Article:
Here’s a little gardening scenario for you: it’s nearing the end of tomato growing season and the first frost date is rapidly approaching.
If you are still in good time, Elizabeth has 10 tricks to ripen your green tomatoes that you might want to try if you want to use up fully ripe tomatoes.
However, if you missed that window of preparing tomatoes for harvest and the frost comes all of a sudden, your only choice is to harvest now. Green or gone.
For when nighttime temperatures dip below zero, your tomatoes won’t ever be the same.
Freezing tomatoes is only good if you’ve already harvested and prepared them for the freezer. If they are left out in nature, their health depends on the length and amount of the cold.
What If I Still Have Green Tomatoes In the Garden?
If tomatoes become frozen on the vine, your best course of action is to toss them on the compost pile. They won’t be much good for eating.
The next best action is to harvest them while still green.
Fried green tomatoes is the number one way to gobble them up.
Quick pickled green tomatoes is our absolute favorite way to fill up the last jars in the pantry.
And if you still aren’t convinced that your green tomatoes are worth saving, we’ve compiled a list of 21 delicious green tomato recipes just for you. Of course, today, we are adding green tomato relish to the list.
Thirdly, if you have been thinking and planning ahead, you’re probably already aware of all the ways to extend the gardening season.
Harvesting Green Tomatoes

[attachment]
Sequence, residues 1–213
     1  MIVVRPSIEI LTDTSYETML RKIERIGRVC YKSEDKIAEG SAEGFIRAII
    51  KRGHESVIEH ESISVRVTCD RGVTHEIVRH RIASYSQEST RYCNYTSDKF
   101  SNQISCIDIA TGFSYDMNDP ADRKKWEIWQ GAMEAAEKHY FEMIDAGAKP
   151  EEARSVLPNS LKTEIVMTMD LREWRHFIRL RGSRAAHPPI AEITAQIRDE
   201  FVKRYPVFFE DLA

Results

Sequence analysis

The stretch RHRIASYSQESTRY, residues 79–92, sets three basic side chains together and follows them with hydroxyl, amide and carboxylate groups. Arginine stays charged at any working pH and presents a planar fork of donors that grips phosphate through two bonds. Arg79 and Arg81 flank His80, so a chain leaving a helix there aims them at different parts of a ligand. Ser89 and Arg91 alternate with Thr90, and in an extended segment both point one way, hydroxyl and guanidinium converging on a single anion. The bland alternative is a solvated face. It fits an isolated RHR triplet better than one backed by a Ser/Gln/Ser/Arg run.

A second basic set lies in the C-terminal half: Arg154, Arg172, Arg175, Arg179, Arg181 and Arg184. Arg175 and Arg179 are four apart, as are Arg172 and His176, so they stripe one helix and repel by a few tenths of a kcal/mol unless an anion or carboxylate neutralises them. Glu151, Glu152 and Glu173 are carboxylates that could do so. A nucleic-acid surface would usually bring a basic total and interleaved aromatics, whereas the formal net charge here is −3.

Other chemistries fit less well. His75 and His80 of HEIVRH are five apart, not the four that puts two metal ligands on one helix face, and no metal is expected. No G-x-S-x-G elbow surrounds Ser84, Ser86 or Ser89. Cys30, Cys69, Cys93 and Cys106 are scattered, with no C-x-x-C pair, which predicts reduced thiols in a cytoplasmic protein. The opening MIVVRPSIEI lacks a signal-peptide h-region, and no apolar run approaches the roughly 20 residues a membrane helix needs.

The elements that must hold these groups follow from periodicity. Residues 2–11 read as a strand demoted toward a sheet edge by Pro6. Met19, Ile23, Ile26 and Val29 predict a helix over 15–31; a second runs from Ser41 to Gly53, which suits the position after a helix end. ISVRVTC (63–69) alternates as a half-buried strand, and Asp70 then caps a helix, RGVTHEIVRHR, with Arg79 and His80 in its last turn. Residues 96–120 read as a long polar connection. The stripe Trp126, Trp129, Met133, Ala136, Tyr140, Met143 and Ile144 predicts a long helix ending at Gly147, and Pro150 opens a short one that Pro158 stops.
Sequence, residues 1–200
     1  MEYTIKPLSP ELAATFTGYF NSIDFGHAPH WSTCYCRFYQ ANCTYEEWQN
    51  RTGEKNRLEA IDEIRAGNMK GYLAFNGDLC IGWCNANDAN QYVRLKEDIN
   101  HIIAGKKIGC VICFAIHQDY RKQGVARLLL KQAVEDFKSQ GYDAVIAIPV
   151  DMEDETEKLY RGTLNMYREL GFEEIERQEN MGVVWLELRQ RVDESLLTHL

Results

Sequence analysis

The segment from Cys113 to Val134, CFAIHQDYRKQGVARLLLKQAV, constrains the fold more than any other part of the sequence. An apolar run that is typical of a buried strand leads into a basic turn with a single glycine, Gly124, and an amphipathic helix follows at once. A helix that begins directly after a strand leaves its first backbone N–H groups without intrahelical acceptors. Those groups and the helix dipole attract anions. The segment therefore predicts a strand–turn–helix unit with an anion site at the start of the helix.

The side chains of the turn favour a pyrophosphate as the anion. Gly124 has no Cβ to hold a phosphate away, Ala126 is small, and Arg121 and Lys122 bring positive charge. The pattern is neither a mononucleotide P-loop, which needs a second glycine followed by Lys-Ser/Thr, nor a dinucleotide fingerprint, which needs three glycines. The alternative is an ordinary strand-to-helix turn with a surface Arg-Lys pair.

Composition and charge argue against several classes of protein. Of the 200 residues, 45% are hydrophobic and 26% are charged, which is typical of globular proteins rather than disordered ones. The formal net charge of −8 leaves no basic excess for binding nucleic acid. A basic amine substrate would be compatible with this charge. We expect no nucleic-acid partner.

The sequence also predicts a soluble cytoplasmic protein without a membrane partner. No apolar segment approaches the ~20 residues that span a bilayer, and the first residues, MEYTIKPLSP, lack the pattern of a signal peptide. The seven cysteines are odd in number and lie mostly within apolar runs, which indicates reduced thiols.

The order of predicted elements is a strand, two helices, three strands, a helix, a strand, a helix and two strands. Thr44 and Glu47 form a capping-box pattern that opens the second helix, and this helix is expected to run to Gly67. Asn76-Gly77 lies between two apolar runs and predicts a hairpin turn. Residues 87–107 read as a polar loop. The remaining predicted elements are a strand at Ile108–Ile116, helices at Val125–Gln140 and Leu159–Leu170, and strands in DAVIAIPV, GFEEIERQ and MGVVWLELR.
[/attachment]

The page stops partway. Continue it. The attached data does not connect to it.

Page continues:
It’s not just frost that might make you bring in your tomatoes before they are fully ripe. Tomato diseases often take hold when temperatures are just right – for rain and overly humid weather.
Sometimes the fruit simply doesn’t get a chance to come to maturation.
So, if you have green tomatoes on the vine that are large, nearly full grown, but showing no signs of aging (blushing or turning red) go ahead and pluck them from healthy vines. Always choose the healthy ones that are free of disease with a nice weight to them.
Very immature tomatoes will rarely taste good, no matter how you prepare them. Feed them to the compost, the pigs or any other creature that might enjoy them.
Making Green Tomato Relish
Without further ado, let’s get to the relish bit.
Harvest your green tomatoes, or buy them for next to nothing from the market and get to work.
You’ll notice that we chopped everything by hand, it’s one small way to keep our carbon footprint down. In terms of electricity, we use about 10 kWh a month. This is far lower than the average kWh per month.
Plus, we aren’t in a rush. Though we know many people live busier lives. So, one way to make this process faster, is by utilizing a food processor to do the work for you. It’s less hands-on, but convenient. Always choose the tools that work best for you.
Green Tomato Relish Ingredients
There are several green tomato relish recipes floating out there in the ether, some are tastier than others.
Use what you have on hand
No green peppers? Great, then use red. No red peppers? Use green instead.
Color doesn’t matter. Flavor does. Use quality ingredients and don’t worry about what the end product looks like. The flavor, love and intention will be all there.
- approximately 7 pounds of green tomatoes (any variety will do)
- 5-6 onions (yellow, red, whatever you have on hand or ready to harvest from the garden)
- 5-6 medium peppers, with stem, seeds and core removed
- 5 cups apple cider vinegar
- 2 cups water, optional
- 1-2 cups sugar
- 4 tsp. salt
- 5 tsp. mustard seed
- hot pepper flakes, to taste
As far as spices go, again, it’s your choice when you are canning from the garden. You can toss in a fair amount of celery seed or cumin powder. Add a dash of cayenne or garlic powder.
One of the greatest things about preserving your own food, is that you get to make it your own, even down to how it is sliced and diced. A blend of spices will always make a jar of anything more interesting. Even if all ingredients come from the market, it is you who gets to decide what goes in it, so let’s get this delish relish in jars.